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Electrodiagnostic (edx) testing provides information about the peripheral nervous system and is an extension of the physical examination. Although most commonly comprised of nerve conduction studies (NCS) and electromyography (EMG), it can also include special testing, such as late responses, repetitive stimulation, and single-fiber EMG. Each test sheds light on a different aspect of the peripheral nervous system—from the alpha motor neuron, through the neuromuscular junction, and down to individual muscle fibers. This chapter provides an introduction to EDX testing and reviews nerve electrophysiology and common instrumentation used in EDX studies. Basic descriptions of the different types of EDX studies will also be examined.


In neurons, depolarization and repolarization cycles create action potentials. Action potentials are brief changes in the electrical potential on the surface of neurons or muscle cells. Action potentials create a current I (measured in milliamperes) and potential difference or voltage V (measured in millivolts) along the membrane. The resistance to current of an alternating-current (AC) circuit (such as in human tissue) is termed impedance Z (measured in kilo-/megaohms). In electrophysiology, V = I × Z.

Every axon and motor cell has a resting membrane potential of around −70 µV. When a stimulus is strong enough to reach threshold potential (−30 µV in most cells), the membrane depolarizes. Sodium channels open, allowing sodium ions to flood into the cell. Sodium channels are slowly deactivated as potassium ions exit the cell, causing an initial hyperpolarization, before the Na+/K+ pump restores the resting membrane potential. This period of hyperpolarization is also known as the “relative refractory period” because the hyperpolarized membrane requires an even greater stimulus than normal to bring the cell membrane to threshold and cause a subsequent depolarization. The period just prior to the relative refractory period is called the “absolute refractory period” because the sodium channels have not yet reset and a second action potential cannot be elicited until they have done so. The refractory period promotes unidirectional action potential propagation (Fig. 70–1).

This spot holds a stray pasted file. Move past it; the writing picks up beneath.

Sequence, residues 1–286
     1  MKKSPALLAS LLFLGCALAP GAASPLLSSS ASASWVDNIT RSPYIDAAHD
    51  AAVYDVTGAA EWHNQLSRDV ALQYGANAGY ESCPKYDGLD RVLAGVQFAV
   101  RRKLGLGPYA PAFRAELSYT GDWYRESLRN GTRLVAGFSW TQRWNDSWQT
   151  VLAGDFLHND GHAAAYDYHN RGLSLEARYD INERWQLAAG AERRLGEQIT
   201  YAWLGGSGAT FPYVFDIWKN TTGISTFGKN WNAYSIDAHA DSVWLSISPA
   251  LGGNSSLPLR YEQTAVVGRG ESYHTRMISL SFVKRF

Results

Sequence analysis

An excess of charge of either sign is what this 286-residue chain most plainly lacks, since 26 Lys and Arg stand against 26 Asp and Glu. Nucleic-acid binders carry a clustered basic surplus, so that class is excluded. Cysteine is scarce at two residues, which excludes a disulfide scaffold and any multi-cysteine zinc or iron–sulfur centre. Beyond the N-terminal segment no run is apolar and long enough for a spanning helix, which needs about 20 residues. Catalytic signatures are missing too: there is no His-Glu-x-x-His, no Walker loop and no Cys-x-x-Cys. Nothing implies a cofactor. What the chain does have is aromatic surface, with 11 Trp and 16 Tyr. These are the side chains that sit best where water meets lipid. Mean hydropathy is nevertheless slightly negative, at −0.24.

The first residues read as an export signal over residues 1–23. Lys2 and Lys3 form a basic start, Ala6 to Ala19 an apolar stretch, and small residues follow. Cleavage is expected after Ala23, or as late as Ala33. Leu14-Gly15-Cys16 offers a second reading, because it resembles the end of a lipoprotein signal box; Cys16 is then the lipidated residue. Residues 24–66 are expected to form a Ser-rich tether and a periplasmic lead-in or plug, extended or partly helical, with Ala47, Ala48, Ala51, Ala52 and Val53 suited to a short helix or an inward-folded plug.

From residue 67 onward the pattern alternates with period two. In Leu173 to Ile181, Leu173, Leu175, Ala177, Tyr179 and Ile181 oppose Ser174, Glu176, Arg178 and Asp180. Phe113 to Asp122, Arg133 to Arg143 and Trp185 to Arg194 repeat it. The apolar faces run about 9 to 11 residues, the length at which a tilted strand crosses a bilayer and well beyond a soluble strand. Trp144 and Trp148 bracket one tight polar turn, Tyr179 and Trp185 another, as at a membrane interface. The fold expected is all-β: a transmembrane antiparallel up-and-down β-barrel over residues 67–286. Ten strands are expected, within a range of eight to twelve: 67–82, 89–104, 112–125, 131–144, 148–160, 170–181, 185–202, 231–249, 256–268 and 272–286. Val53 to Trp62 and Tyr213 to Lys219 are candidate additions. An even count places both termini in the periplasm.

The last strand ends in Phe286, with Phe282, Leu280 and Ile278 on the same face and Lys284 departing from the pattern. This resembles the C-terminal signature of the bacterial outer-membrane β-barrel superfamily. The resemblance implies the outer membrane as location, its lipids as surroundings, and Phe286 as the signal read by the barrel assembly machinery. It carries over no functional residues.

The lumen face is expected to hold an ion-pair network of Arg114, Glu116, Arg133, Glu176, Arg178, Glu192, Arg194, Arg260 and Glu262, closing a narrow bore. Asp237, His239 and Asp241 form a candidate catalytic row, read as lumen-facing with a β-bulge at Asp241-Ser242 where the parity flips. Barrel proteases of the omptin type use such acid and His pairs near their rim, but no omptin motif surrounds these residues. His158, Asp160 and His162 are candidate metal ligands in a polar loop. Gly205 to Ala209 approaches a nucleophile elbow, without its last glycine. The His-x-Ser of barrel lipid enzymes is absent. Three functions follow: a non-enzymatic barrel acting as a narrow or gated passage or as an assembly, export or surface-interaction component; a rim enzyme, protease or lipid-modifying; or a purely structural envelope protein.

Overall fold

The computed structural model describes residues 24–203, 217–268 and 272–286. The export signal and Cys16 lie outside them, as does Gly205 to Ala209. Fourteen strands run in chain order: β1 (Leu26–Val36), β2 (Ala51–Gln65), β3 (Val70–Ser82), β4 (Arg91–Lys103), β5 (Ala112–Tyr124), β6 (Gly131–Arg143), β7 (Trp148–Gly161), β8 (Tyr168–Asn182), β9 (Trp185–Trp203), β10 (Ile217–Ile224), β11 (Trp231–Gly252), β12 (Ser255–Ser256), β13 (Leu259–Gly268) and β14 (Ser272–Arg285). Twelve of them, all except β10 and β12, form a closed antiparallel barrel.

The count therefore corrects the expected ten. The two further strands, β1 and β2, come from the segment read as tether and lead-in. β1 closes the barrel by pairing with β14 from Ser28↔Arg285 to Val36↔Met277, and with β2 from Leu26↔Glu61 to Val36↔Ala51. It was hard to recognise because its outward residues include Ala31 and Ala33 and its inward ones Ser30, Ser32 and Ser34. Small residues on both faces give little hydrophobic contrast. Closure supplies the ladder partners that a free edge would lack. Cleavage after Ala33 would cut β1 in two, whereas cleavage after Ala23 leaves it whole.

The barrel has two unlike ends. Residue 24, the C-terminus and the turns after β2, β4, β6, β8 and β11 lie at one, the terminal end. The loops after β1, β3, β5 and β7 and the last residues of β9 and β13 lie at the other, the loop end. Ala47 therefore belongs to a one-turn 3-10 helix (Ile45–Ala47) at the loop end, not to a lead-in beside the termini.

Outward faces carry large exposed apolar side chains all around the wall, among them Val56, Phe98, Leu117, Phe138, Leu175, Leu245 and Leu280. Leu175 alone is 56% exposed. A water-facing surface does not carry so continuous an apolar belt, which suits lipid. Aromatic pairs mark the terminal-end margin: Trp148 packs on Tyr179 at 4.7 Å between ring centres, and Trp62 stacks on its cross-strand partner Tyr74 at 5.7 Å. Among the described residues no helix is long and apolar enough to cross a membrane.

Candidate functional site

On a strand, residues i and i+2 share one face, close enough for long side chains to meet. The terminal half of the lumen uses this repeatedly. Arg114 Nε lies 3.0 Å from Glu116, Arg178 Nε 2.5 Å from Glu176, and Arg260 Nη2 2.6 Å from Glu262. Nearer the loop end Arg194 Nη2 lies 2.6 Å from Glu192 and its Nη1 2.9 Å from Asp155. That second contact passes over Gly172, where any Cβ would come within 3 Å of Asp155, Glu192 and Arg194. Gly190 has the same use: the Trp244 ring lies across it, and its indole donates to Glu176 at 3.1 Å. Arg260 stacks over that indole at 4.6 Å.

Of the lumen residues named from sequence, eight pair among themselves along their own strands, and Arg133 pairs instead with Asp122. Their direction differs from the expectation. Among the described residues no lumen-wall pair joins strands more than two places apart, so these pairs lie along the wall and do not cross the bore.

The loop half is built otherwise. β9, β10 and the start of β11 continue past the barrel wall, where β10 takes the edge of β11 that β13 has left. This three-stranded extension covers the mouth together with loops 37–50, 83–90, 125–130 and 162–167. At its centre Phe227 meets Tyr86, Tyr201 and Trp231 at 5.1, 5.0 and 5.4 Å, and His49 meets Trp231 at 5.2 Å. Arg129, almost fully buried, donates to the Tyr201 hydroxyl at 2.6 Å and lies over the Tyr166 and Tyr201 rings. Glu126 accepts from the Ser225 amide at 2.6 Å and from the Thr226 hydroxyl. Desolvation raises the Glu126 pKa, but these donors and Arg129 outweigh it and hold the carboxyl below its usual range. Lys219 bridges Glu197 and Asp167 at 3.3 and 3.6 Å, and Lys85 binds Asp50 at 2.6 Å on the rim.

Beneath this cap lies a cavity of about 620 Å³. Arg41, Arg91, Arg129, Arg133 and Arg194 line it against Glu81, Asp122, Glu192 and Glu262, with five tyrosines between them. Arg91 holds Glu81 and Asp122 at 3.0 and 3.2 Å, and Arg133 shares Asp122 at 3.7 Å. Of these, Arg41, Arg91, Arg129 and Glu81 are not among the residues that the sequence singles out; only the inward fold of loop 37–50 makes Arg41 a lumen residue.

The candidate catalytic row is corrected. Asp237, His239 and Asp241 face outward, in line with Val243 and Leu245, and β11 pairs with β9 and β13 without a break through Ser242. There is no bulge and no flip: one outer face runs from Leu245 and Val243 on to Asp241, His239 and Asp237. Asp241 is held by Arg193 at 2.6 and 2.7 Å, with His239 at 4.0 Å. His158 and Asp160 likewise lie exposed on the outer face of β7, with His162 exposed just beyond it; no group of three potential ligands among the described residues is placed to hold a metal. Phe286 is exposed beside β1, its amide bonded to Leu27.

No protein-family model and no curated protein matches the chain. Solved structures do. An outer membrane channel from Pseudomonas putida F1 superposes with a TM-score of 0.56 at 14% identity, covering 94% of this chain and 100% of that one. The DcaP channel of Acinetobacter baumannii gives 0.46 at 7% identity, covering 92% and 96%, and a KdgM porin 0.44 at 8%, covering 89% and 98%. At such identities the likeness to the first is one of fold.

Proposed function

Figure 70–1

(A) Nerve action potential. The upstroke of the action potential results from increased Na+ conductance. Repolarization results from a declining Na+ conductance combined with an increasing K+ conductance; afterhyperpolarization is due to sustained high K+ conductance. (B) Action potential propagation. Local current flow causes the threshold potential to be exceeded in adjacent areas of the neuron membrane. Because the upstream region is refractory, an action potential is only propagated downstream. In myelinated axons, action potentials propagate faster by “jumping” from one node of Ranvier to the next node by saltatory conduction. ARP = absolute refractory period; RRP = relative refractory period. (Reproduced with permission from General Physiology. In: Kibble JD, Halsey CR, eds. Medical Physiology: The Big Picture, New York, NY: McGraw-Hill; 2014.)

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